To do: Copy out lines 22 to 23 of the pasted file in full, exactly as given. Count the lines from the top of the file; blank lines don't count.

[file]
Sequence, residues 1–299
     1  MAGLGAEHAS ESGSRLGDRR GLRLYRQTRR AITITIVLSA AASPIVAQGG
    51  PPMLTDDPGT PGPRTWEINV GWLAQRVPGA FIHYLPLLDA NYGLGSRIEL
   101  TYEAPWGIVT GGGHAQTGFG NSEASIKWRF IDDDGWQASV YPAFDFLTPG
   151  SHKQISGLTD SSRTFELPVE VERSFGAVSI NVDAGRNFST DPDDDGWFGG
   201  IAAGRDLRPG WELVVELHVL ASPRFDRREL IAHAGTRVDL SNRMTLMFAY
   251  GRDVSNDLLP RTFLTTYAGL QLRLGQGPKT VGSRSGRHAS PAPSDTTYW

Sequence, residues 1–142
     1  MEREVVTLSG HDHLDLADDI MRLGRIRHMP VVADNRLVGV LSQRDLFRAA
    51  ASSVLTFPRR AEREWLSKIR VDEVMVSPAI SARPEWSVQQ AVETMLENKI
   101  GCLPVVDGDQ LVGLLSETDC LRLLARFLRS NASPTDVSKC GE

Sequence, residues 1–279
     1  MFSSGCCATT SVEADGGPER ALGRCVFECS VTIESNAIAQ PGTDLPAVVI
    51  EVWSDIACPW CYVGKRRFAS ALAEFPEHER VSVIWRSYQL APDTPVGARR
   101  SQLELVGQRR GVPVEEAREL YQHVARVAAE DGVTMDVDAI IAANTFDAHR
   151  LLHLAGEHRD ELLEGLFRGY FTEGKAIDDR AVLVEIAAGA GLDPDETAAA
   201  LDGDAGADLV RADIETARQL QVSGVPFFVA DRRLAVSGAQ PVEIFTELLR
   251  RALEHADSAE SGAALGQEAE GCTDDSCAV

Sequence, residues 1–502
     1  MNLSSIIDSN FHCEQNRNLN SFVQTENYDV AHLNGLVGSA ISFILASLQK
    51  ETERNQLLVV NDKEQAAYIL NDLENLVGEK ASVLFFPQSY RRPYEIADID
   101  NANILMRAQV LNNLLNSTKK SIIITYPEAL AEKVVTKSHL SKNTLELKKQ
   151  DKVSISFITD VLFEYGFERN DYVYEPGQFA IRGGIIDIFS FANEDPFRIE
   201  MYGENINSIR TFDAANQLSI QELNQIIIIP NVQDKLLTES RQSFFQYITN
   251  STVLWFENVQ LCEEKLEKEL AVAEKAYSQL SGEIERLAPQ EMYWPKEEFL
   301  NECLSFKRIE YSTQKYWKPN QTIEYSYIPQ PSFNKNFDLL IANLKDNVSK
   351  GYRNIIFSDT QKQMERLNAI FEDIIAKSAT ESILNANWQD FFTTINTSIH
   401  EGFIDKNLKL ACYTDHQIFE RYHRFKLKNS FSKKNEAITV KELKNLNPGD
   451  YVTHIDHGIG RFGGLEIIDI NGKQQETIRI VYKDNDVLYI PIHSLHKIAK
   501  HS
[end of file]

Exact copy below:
   101  NANILMRAQV LNNLLNSTKK SIIITYPEAL AEKVVTKSHL SKNTLELKKQ
   151  DKVSISFITD VLFEYGFERN DYVYEPGQFA IRGGIIDIFS FANEDPFRIE